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Inn at Cape Cod

Posts Tagged ‘Chatham’

A Cape Cod Lighthouse Extravaganza

March 11th, 2010 by cassels

little lighthouse During the last 300 years there have been 3,000 or more shipwrecks in Cape Cod’s waters, the majority of which were between Chatham and Provincetown. The advent of lighthouses, some twenty or so on Cape Cod’s shoreline in the last 200 years, went a long way to safely guide vessels through these treacherous waters. Seven lighthouses still operate, while several others, now decommissioned, can also be found. The 1914 opening of the Cape Cod Canal was also a significant factor in the decline of the number of shipwrecks.

Here are nine of the most well known lighthouses to choose from to go and see, or indeed you could plan a day out to see all of these. Be warned that there is a lot of healthy exercise involved, so you may decide to target half this number.

Start perhaps with the most northerly, which is Race Point Light, you’ll need a stout pair of sneakers as you have to leave your car and walk the last 2 miles along the beach. The lighthouse was first erected in 1816. Nevertheless more than 100 ships were wrecked in this area between then and 1949. You can stay overnight at this one, but you will need to make a reservation well in advance.

There are two other” twin lights” around Provincetown, Wood End erected in 1873 and Long Point 1823, both guarding the entrance to the harbour. The former is now solar powered. Both are a walk along the breakwater, there is a summer boat service to Long Point from MacMillan Wharf.

Back on Route 6 again travelling south a matter of minutes, turn onto Highland Road and follow this to the end , then right onto Lighthouse Road. Highland was the first lighthouse to be built on Cape Cod in 1798, but the present lighthouse was erected in 1857 and moved inland in1996.

Probably by now you are feeling like a bite to eat after such an energetic morning - I did warn you – but you can relax now with a beautiful view over Wellfleet Bay while you tuck into a dozen oysters freshly gathered from those famous oyster beds 200 yards from your table. The Bookstore Restaurant is well known by locals and regular visitors to the Cape for its seafood and magnificent view. So it’s here that you can contemplate the adventures of the afternoon and soak up that New England feeling of tranquility. After lunch, allow yourself some time to visit the many art galleries in charming little Wellfleet village – you can almost at will switch back and forth from serene calm one moment to yet another discovery the next; this is one reason that I believe makes Cape Cod such a great tourist destination.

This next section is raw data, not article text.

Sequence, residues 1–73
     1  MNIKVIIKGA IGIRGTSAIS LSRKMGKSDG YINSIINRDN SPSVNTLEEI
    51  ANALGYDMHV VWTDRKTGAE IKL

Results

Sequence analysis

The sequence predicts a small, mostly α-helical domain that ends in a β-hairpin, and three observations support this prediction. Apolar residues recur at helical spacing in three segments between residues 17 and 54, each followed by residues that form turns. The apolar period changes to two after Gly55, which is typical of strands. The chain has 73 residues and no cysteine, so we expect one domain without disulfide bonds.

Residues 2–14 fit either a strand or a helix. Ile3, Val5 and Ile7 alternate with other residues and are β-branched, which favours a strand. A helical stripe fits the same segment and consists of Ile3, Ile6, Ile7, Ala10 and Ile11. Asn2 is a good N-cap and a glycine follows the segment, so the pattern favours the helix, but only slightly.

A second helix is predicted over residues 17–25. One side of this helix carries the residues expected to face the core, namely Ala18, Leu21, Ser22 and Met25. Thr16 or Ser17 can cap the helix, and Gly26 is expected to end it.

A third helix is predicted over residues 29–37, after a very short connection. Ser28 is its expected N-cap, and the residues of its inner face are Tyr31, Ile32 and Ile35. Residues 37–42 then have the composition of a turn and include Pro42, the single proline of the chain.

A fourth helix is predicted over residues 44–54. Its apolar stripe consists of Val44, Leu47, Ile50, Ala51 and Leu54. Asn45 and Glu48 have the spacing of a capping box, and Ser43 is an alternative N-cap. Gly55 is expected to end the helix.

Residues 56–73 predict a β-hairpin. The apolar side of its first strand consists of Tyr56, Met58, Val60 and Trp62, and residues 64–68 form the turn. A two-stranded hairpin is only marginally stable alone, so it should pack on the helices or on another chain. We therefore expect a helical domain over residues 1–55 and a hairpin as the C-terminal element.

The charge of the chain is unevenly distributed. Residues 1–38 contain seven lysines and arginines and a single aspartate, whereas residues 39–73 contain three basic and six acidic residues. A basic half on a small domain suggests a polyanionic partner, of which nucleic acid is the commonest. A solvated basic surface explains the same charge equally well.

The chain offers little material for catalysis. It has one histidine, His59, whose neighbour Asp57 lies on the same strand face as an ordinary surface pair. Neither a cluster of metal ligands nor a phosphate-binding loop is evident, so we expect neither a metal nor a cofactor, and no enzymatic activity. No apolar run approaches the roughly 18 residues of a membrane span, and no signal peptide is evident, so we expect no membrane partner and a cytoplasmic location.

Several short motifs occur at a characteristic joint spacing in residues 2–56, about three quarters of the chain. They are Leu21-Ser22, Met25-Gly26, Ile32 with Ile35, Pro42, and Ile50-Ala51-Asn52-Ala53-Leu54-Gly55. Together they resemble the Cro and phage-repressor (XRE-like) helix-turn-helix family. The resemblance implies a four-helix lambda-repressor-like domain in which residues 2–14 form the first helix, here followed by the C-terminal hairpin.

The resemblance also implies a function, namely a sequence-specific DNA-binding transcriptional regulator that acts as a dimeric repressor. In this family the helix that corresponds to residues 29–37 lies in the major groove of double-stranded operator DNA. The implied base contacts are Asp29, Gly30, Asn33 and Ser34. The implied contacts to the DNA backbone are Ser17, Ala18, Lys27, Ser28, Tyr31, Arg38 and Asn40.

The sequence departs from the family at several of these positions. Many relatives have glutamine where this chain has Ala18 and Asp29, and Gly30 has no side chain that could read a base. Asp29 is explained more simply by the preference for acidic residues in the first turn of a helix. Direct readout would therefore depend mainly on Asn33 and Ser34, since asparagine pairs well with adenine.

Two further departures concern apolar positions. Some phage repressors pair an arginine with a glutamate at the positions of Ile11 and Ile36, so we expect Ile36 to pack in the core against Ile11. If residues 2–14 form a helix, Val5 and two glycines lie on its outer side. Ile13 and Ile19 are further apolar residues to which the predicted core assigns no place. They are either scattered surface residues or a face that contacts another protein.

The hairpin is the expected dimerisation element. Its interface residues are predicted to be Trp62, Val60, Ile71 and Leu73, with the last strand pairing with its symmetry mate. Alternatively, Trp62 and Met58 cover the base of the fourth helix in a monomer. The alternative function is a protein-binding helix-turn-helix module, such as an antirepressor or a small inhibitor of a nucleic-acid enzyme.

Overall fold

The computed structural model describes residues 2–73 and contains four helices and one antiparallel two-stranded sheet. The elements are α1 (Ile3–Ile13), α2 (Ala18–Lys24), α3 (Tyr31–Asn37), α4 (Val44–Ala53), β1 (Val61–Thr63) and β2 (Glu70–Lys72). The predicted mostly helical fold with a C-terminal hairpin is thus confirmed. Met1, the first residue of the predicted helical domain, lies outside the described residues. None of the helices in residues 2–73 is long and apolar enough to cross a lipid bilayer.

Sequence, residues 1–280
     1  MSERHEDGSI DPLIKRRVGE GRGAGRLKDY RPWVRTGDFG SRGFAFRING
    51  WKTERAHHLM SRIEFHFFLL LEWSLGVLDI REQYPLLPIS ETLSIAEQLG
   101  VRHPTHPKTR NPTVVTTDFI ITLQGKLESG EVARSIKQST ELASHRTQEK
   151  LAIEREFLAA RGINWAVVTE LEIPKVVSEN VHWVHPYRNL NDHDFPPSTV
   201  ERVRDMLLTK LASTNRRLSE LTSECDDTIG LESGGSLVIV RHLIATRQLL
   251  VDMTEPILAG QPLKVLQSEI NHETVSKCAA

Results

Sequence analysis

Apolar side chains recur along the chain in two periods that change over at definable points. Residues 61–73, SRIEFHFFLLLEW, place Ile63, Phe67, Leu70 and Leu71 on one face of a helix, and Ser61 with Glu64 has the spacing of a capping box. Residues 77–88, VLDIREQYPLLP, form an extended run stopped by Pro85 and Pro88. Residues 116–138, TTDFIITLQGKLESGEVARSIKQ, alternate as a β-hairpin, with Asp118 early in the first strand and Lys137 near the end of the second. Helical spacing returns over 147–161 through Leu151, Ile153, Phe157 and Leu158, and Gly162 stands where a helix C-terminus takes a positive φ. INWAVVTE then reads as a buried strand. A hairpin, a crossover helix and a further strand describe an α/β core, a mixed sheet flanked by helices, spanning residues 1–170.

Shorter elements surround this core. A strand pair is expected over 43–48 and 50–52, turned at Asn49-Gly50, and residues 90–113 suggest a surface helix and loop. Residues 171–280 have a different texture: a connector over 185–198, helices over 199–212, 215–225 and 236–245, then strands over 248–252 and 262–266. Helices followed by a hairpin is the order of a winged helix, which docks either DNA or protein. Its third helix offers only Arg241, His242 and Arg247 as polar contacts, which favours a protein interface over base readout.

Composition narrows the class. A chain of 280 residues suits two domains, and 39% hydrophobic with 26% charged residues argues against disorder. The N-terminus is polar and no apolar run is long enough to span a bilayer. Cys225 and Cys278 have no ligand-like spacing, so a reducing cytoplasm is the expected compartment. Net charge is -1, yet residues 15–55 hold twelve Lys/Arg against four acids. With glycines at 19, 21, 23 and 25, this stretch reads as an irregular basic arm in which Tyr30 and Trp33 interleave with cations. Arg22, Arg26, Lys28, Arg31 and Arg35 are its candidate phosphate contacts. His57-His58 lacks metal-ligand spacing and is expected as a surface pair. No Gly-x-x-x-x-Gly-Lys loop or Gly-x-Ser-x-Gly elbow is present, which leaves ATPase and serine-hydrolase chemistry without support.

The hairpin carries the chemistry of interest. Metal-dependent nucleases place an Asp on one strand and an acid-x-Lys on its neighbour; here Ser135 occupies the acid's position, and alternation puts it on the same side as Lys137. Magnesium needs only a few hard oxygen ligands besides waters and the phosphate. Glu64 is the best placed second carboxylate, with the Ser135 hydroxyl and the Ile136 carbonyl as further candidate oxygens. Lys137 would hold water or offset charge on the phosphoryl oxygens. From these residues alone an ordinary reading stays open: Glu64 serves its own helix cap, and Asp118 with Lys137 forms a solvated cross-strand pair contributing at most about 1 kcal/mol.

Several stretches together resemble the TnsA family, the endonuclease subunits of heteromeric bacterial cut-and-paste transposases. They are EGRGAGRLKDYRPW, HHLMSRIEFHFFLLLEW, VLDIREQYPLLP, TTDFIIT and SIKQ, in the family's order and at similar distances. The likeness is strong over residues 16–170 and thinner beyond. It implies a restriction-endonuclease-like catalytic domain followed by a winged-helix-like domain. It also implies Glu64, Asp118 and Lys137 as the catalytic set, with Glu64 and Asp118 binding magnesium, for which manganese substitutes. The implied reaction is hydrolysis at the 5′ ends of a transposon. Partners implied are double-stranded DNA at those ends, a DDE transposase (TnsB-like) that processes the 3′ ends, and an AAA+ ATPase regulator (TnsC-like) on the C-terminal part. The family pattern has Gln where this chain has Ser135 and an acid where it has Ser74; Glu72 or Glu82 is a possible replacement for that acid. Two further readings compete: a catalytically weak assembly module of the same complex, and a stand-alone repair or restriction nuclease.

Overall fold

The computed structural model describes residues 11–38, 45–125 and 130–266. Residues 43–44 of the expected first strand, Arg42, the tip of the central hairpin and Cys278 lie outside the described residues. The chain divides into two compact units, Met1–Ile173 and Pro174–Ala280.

If you can face another five lighthouses, Route 6 will take you onto Eastham’s Nauset Light, whose original structure was built in 1838. The current tower was moved to here from Chatham in 1923. From the parking lot you can take a short walk along Cable Road to the Three Sisters, towers that were constructed in 1892 and replaced in 1923 by the current Nauset Light.

Our remaining three lighthouses are all in Chatham at the end of the scenic part of Route 28 which hugs the coastline between Orleans and Chatham. There are some spectacular views along the way. Chatham Light is on Shore Road at the end of Main Street and was built in 1877, however the first structure pre-dated this by 69 years. There are tours available inside the lighthouse during the summer months.

The Monomoy Point Light is only accessible by boat. The original tower, built in 1823, was rebuilt in 1849 and finally decommissioned in 1923 before it became part of the Monomoy National Wildlife Refuge. Overnight stays are available at the lighthouse keeper’s house.

The last of our nine, if you are still in the hunt that is, is Stage Harbor Light, which requires a mile walk along the beach from the Harding Beach parking lot. This was the last lighthouse to be built on the Cape and was closed in 1933 to later become a private residence.